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article imageNicaragua releases 50 opposition prisoners

By AFP     Apr 5, 2019 in World

Nicaragua on Friday released 50 opposition prisoners held during nationwide protests against President Daniel Ortega, the interior ministry said, two days after the end of talks aimed at resolving a deadly year-long political crisis.

The prisoners were released into house arrest, bringing to 250 the number of government opponents freed under a similar regime since February 27.

Month-long talks between the government and the opposition Civic Alliance coalition broke up late Wednesday without agreement on political reform in the crisis-torn Central American country.

Ortega, a 72-year-old former guerrilla leader, has refused to step down to facilitate early elections in 2019 -- a key opposition demand after more than 300 people died in months of deadly protests against his rule.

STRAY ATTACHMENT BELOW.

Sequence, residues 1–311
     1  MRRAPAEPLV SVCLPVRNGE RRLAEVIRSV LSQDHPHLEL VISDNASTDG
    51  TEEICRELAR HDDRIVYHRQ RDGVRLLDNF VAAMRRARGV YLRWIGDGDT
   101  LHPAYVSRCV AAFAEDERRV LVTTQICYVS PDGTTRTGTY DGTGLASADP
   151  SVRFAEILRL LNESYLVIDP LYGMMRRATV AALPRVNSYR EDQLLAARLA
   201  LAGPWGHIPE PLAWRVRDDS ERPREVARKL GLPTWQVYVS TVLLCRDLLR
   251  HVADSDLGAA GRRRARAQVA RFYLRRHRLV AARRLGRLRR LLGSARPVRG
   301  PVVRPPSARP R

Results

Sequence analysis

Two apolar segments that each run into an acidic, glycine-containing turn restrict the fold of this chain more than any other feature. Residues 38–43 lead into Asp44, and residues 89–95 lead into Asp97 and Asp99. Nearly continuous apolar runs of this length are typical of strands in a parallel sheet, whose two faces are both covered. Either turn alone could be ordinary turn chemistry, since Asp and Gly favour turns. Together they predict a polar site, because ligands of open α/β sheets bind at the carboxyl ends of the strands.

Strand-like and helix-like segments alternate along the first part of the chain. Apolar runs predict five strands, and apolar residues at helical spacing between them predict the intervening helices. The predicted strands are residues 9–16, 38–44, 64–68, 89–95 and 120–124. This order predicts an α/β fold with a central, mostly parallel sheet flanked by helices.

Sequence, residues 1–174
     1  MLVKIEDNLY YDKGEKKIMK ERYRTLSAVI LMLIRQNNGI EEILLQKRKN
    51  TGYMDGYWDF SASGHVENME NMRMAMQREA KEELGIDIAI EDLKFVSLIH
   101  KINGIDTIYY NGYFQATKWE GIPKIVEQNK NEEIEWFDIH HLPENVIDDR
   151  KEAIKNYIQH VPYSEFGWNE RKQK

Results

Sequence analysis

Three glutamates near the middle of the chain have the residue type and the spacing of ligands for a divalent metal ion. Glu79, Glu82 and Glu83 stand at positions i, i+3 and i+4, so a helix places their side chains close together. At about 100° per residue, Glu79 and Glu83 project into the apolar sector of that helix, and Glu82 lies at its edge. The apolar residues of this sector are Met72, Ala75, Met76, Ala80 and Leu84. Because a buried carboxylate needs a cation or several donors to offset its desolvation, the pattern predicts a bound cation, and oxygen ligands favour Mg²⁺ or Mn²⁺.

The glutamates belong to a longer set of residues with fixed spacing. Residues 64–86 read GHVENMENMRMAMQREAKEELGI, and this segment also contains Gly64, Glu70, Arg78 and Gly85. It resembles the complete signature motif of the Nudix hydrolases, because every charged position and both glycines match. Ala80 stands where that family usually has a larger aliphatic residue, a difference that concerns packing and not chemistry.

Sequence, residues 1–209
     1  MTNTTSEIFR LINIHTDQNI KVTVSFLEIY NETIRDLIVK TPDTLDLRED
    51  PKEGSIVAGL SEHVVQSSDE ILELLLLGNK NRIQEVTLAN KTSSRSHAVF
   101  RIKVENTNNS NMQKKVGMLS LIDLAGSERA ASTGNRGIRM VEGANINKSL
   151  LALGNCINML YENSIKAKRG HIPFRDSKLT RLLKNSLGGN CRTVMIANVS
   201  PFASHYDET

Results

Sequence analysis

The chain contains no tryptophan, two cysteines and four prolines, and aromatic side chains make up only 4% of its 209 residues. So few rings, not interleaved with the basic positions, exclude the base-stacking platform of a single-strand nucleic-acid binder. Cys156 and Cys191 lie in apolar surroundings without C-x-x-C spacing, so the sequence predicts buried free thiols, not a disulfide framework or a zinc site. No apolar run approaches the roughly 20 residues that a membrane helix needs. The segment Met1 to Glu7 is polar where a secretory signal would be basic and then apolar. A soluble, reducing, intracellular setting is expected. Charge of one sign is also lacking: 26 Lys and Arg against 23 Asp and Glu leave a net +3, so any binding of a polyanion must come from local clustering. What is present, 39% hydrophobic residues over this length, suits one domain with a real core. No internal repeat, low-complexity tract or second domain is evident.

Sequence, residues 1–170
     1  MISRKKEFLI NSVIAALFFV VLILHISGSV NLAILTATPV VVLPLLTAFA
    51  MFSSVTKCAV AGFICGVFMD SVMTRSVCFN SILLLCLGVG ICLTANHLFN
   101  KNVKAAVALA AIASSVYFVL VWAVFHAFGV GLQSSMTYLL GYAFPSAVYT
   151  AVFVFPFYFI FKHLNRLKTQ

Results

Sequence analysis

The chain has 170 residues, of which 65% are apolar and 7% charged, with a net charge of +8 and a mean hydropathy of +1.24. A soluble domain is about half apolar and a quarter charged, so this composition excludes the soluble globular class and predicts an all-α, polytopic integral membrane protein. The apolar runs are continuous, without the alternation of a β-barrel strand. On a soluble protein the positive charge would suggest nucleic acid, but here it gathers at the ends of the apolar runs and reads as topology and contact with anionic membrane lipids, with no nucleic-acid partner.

Threatened by United States and European Union sanctions, the government on March 20 pledged to release all political prisoners within 90 days in an operation to be overseen by the International Committee of the Red Cross.

However, the organization said it was "not involved in the release of the 50 people announced today," according to spokesman Alberto Cabezas.

On Thursday, the ICRC met with both sides in a bid to coordinate lists of opposition members held in prison.

The opposition says more than 800 people were jailed during a brutal crackdown on protests against Ortega's rule which began last April. The government says 350 were detained.

It said Friday's releases were a gesture of goodwill as part of its commitment to the peace process.

Cabezas said the ICRC was still "not in a position to determine date or deadlines in which this process will take place."

Friday's releases took prisoners and their families by surprise.

"I was always hoping to leave but when the time came it took me by surprise," Roger Martinez, a 35-year-old psychologist, told AFP.

Martinez, who served nine months of a four-and-a-half year sentence for manufacturing and trafficking in arms and explosives, said he was still unclear about the conditions of his release.

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